Nancy Pelosi didn’t even call the White House’s $ 1.6 trillion plan ‘half thirsty’


  • House Speaker Nancy Pelosi on Thursday defied the White House’s 1.6 trillion spending plan, saying it was not even “half thirsty”.
  • “What they are offering is Pav’s heel,” Pelosi said in an interview with Bloomberg TV.
  • The huge price tag of the White House plan may be a gamble, given that many Senate Republicans oppose spending large sums of federal money that could swallow the national debt.
  • For more stories visit the Business Insider homepage.

House Speaker Nancy Pelosi said in the White House’s $ 1.6 trillion stimulus package on Thursday that it was not enough to address the twin economic and public health crises arising from the epidemic.

Pelosi said in an interview with Bloomberg TV, “It’s not half a loaf. What are they offering?” The path of least resistance. ”

California Democrats brought a new area of ​​contention between the Democrats and the Trump administration: the child tax credit, which reduces taxes on children 17 and younger. House Democrats are seeking to give people with children the option of receiving a nominal monthly federal payment regardless of their income.

Pelosi told Bloomberg that the White House outgrew all funds for credit, claiming 40 million households each year.

Earlier in the day, he said he was cautious about signing a major spending deal with the White House. This week Democrats launched a $ 2.2 trillion spending plan that includes $ 600 weekly federal unemployment benefits, another wave of $ 1,200 incentive checks and assistance to states and small businesses.

“We hope we can reach agreement, because the needs of the American people are very high,” Pelosi told reporters on Capitol Hill. “But there is a belief that it takes money to do this.”

White House press secretary, Kayle McNee, confirmed on Thursday that the administration proposed $ 1.6 trillion in coronovirus relief talks with Democrats. She called it “a good offer” with more spending than what Republicans had unveiled.

But Macnee said Pelosi was “not getting serious” with his insistence on strong spending. Treasury Secretary Steven Menuchin and Pelosi have been in direct talks for five days.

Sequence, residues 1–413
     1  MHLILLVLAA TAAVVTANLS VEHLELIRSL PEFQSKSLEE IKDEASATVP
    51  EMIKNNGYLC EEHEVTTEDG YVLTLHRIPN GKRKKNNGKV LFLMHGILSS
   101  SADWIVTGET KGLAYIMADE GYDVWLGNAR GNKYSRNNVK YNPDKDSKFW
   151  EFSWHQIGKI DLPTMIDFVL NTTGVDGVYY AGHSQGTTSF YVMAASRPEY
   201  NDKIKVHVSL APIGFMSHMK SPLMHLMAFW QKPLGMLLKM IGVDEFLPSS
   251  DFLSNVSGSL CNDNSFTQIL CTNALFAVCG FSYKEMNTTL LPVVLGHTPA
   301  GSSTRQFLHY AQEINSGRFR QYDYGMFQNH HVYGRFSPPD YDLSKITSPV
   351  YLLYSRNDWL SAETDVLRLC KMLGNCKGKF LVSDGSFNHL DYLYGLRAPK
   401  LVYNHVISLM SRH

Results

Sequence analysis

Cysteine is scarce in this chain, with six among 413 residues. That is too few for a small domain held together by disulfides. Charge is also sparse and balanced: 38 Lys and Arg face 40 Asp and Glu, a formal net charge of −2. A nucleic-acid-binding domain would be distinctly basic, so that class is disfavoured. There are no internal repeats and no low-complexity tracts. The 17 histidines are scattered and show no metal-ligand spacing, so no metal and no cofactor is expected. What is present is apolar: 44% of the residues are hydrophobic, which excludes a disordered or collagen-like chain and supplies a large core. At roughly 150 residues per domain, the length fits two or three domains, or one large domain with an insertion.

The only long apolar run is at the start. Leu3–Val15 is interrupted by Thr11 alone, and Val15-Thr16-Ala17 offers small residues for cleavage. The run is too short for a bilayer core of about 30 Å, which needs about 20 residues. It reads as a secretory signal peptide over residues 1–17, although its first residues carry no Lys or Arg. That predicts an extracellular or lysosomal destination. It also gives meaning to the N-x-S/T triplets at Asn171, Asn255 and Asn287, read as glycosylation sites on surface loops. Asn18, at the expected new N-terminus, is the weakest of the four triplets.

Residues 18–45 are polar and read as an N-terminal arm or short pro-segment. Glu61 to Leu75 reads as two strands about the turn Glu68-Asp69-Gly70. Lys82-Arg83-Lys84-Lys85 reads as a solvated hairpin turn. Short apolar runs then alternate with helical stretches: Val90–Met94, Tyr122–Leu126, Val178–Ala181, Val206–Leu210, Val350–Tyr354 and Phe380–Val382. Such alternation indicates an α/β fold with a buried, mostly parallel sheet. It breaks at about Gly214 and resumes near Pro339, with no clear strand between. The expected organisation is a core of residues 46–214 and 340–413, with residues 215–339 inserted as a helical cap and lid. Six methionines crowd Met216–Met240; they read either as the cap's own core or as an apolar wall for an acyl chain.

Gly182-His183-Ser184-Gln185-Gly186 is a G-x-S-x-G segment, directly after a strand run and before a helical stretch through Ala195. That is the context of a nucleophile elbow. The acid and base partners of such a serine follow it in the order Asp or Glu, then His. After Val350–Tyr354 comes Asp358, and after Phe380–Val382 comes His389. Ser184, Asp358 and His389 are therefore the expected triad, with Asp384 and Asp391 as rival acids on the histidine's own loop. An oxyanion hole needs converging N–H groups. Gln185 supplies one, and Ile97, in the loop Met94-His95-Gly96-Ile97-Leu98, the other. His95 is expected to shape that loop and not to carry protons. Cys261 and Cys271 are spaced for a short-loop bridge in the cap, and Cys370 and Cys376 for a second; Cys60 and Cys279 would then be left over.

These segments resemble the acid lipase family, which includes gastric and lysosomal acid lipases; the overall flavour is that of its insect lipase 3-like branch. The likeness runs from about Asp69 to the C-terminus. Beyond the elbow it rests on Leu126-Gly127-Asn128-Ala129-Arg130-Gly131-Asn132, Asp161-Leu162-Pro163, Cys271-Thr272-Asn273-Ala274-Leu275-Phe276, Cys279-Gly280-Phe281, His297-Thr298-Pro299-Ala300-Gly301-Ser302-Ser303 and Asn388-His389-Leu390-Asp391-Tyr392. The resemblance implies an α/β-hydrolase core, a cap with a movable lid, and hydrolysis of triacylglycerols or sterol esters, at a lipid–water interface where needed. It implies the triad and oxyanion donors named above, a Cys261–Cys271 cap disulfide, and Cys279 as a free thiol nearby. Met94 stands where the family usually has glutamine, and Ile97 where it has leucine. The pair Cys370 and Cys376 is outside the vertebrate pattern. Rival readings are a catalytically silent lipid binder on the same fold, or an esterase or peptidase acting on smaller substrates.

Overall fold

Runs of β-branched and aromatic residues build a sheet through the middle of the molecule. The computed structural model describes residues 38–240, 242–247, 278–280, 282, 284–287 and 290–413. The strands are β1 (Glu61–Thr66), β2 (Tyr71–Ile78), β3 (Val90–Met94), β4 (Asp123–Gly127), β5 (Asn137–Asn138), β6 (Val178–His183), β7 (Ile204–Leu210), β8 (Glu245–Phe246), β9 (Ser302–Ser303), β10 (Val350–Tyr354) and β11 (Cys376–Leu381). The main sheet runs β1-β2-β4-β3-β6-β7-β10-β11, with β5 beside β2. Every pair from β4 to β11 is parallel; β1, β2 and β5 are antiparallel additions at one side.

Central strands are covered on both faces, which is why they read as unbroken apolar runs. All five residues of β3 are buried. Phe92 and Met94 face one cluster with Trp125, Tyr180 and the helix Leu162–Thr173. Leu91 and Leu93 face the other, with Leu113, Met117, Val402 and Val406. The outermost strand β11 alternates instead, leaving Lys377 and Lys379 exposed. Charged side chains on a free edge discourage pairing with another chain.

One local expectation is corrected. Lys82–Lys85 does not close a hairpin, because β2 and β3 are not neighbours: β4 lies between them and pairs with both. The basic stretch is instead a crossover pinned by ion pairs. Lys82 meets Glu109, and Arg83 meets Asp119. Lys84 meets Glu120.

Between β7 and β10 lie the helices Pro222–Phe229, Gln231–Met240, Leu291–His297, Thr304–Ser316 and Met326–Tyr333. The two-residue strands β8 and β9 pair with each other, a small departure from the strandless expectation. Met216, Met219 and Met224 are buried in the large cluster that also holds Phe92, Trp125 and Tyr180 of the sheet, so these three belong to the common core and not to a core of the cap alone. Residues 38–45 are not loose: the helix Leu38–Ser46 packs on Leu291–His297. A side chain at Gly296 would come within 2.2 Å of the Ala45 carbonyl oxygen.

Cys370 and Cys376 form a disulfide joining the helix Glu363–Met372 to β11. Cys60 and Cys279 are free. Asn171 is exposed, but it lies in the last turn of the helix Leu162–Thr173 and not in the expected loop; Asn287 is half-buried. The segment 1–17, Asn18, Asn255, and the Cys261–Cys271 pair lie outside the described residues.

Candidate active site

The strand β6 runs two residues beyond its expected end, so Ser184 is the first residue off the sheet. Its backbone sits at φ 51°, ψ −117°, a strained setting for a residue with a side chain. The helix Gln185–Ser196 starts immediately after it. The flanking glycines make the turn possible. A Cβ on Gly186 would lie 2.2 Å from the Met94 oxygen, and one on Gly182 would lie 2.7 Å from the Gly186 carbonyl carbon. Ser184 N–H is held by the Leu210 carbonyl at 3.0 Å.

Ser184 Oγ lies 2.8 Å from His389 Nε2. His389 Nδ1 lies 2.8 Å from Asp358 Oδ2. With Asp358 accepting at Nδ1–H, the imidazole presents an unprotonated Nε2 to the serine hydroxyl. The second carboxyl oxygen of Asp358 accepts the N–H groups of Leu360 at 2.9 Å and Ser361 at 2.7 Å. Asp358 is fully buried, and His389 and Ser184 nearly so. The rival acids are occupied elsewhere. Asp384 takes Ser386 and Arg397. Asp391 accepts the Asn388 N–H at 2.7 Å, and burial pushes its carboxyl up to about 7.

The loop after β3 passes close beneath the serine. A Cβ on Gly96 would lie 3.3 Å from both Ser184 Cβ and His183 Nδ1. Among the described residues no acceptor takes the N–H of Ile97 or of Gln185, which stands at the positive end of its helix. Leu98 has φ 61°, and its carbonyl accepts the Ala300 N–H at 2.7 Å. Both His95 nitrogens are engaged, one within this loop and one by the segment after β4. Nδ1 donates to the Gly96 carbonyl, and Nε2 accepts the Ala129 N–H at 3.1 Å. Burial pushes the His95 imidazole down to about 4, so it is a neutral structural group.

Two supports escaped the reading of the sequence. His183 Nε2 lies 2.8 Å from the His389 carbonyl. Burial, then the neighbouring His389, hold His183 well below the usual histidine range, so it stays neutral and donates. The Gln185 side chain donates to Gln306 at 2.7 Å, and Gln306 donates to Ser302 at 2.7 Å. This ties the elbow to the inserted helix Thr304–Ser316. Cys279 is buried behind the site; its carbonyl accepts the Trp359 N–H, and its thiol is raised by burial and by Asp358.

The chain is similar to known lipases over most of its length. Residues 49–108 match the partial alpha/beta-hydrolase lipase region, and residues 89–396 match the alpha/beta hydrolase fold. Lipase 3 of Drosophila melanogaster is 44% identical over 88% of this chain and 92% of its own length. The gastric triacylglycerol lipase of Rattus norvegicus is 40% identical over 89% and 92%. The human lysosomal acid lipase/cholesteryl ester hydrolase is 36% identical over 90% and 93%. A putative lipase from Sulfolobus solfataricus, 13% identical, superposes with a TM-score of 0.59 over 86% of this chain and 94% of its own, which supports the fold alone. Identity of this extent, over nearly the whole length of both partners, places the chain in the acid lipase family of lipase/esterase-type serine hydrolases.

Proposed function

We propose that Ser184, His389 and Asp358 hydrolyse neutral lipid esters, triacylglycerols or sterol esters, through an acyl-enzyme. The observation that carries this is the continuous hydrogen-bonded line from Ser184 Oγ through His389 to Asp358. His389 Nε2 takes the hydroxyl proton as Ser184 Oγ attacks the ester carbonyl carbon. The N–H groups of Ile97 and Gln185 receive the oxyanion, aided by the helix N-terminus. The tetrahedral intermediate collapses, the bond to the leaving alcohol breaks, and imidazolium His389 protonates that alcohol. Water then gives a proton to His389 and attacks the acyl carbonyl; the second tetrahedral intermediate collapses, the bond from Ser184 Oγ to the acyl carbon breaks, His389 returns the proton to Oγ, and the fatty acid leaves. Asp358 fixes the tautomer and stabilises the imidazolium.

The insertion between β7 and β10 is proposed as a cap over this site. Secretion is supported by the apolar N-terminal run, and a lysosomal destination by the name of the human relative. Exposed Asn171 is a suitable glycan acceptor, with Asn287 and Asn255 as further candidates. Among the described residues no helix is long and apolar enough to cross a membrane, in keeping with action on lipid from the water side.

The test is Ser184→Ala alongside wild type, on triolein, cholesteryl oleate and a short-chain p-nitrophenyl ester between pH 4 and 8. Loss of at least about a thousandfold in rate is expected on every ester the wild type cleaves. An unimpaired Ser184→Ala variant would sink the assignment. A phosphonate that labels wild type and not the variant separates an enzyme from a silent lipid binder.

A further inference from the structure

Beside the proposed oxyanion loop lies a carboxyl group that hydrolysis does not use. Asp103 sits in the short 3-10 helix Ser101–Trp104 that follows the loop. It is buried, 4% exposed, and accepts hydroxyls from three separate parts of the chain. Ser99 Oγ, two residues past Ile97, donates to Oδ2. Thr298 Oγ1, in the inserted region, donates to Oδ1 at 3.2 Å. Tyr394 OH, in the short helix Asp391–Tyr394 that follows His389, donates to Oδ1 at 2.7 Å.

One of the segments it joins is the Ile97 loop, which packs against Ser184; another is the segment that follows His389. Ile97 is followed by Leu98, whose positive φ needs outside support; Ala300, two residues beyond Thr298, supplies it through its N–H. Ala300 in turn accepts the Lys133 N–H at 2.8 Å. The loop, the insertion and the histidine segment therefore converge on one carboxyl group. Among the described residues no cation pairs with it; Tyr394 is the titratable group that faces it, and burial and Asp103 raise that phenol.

Read more: RBC says that Sustainable-Stock Funds are retrenching the shares of these 20 companies – and most of them have beaten the market.

White House plans could be a tough sell for Republicans

The huge price tag of the White House plan could be a gamble, given that many Senate Republicans oppose spending large sums of federal money that could swallow the national debt.

But the pressure on MPs for an agreement has increased before the election was postponed for the next week. Millions of Americans are out of work and struggling to afford food and rent. And many economists have urged Congress to authorize additional spending to sustain people and businesses.

Both the Democratic-led House and the GOP-controlled Senate have to approve the Equal Relief Law and send it to President Donald Trump’s desk to become law.

Key elements of the White House plan include:

  • $ 300 billion For another round of direct payments to taxpayers.
  • $ 300 billion Benefit for $ 400 weekly federal unemployment from January 1.
  • $ 250 billion For assistance to state and local governments.
  • 175 billion dollars In health spending, coronavirus testing and contact tracing.
  • $ 160 billion For small-business assistance through a paycheck protection program.
  • $ 150 billion Reopening schools for education and support.
  • $ 100 billion For restaurants in frightening financial straits.

Democrats and the Trump administration agree to provide incentive checks in another relief package, as well as funding to help small businesses and schools.

Nevertheless, major differences remain. The administration is seeking to implement a federal unemployment benefit that is less than the $ 200 per week that Democrats want. And it would provide less in federal aid to cash-aided states.

Most of the Senate leaders, Mitch McConnell, worked in the Democratic plan on Wednesday, indicating it as an outlier. “We are very different, far away on a deal,” McConnell told reporters on Capitol Hill.

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